If you’re ego is behind the wheel driving, someone is bound to get hurt. Most likely it will be you and the horse in your care.
Every now and then, we’d get a really tough one in that didn’t want to play ball. At all. When these horses showed up, the trainer called in a certain freelance jockey to help show the begrudging fledgling the way it was going to be. That’s all this jockey did was ride the tough ones for the many trainers at the track. When I saw him out there, I gave him a wide berth, because I knew something was going to go down at some point and I didn’t want to get stuck in the crossfire. This guy was in his early forties when I met him, and again, he was about my height, and all muscle without an ounce of fat on him.
This guy was tough.
One day I was on the far side of the track finishing up when he galloped past me, and kept on going past the on-ramp. He was flying. That old saying, “all elbows and assholes,” yep, that was him. He was working hard to teach this horse how to gallop. I watched him with interest because this. guy. was. good.
His horse was flying down the long side when I saw the horse put it in reverse. It was incredible to watch. How can a horse be galloping, and taking you, one second and be wheeling the other direction the next? If I didn’t see it with my own eyes, I wouldn’t have believed it was possible. The horse turned so fast that he almost fell over. What was so amazing was the jockey never moved. He was in the middle of it the entire time, and not only that, he never strayed from the mission. There was no moment of just hanging on and surviving so he could then get back on task. Nope. He was on that horse’s case all the way through the issue, and had him turned around and galloping a good clip before you knew it.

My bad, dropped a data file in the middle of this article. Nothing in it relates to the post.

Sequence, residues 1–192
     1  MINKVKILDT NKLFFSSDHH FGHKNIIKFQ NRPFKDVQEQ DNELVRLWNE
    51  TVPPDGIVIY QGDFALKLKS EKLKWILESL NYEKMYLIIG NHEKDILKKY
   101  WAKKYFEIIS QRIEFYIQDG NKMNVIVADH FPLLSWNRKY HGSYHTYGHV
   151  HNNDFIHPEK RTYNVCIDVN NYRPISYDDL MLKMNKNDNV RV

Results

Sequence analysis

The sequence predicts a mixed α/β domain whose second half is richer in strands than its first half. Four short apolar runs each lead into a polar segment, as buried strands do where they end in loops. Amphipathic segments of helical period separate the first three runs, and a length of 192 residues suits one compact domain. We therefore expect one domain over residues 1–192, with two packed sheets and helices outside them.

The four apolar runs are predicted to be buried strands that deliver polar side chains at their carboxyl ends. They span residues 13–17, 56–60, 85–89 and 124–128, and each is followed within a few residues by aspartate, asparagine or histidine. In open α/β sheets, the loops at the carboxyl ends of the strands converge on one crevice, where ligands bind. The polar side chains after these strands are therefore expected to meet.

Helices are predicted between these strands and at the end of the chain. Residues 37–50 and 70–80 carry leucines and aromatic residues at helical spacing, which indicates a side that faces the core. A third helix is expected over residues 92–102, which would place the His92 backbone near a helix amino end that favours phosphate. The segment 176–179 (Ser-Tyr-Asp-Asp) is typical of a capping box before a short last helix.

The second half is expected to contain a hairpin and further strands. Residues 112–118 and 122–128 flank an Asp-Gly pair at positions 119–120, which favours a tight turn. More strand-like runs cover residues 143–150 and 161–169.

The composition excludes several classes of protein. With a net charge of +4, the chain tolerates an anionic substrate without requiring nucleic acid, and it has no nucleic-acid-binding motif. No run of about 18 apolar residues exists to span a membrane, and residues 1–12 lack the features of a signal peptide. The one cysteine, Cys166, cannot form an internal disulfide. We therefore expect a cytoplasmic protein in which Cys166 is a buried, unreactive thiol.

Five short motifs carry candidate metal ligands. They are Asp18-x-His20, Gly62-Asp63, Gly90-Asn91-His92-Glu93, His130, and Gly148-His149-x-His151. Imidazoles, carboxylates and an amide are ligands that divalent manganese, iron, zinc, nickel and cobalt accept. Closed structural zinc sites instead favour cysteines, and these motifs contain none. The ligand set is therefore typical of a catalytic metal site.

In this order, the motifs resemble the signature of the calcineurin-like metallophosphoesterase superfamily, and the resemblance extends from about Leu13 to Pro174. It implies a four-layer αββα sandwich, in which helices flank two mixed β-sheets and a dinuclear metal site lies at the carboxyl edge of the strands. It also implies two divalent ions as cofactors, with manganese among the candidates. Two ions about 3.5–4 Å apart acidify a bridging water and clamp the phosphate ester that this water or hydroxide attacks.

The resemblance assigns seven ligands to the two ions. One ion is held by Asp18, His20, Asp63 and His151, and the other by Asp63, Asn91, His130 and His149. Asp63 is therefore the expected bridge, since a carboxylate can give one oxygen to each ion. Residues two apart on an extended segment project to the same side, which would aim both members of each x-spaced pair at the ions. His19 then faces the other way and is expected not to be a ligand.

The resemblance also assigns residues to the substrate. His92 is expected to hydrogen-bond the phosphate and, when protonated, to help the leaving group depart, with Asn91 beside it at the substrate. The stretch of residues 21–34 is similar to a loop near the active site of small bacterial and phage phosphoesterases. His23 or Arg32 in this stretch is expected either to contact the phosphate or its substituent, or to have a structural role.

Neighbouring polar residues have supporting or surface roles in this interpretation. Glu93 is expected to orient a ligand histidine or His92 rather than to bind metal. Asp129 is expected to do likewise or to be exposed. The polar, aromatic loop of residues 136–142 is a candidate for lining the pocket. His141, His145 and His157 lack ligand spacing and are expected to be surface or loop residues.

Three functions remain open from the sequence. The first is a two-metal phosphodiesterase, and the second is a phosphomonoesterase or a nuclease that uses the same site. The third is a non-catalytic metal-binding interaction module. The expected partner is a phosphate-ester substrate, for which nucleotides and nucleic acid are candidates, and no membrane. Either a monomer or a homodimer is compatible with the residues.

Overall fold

To this day, it is one of the most expert pieces of riding I have ever witnessed.
I don’t know what he charged, or what people paid him, but I can tell you it wasn’t enough. He could ride the worst of the worst by whatever means. He could finesse them or be strong and tough with them, and even more importantly, he knew what part of that equation was needed when. One of the highlights of my time at the track was breezing with this jockey. It was my first time breezing a horse and he coached me through it. He wanted me close to his horse so, in his words, we could “clank irons.” Breezing is an unbelievable feeling.
Breezing with another rider, clanking irons, is a world-class experience and one I will always remember.
All of that galloping made me very fit. Early on, I got dumped twice in one day, for a total of three times that week, because the muscle fatigue induced by galloping caught up to me. I bought a lot of beer for the barn that week. (That was the rule). I got through that and got fitter, but the downside was it was also hard on my body. It takes a lot out of you when you are riding so many other horses as well, all day long. It doesn’t give you a chance to recover physically. I had to pick what was more important because I was riding so many, so I decided to seek out more sport horses to ride.They also paid a lot more which was another incentive.
The Big Operation
Like I said, in the afternoons after mucking and riding at Jimmy’s, I went to another farm to ride as many as they would give me to ride. It was a really big operation with no less than 50 horses on the property at one time. When the mares foaled out, the numbers went up drastically from there. Besides all of the breeding they did, they flipped a lot of thoroughbreds off of the track as sport horse prospects, they imported some sport horses, and they also did a lot of pinhooking. In short, they always had a lot to ride and it was always very interesting.
If you are lucky enough to ride a lot of horses, the funnest part is the sheer variety. I loved riding all the different types, sizes, breeds, personalities and levels of education (or more accurately, levels of non-education). It was brilliant. At this farm, I had one of my best experiences riding as well as one of my worst.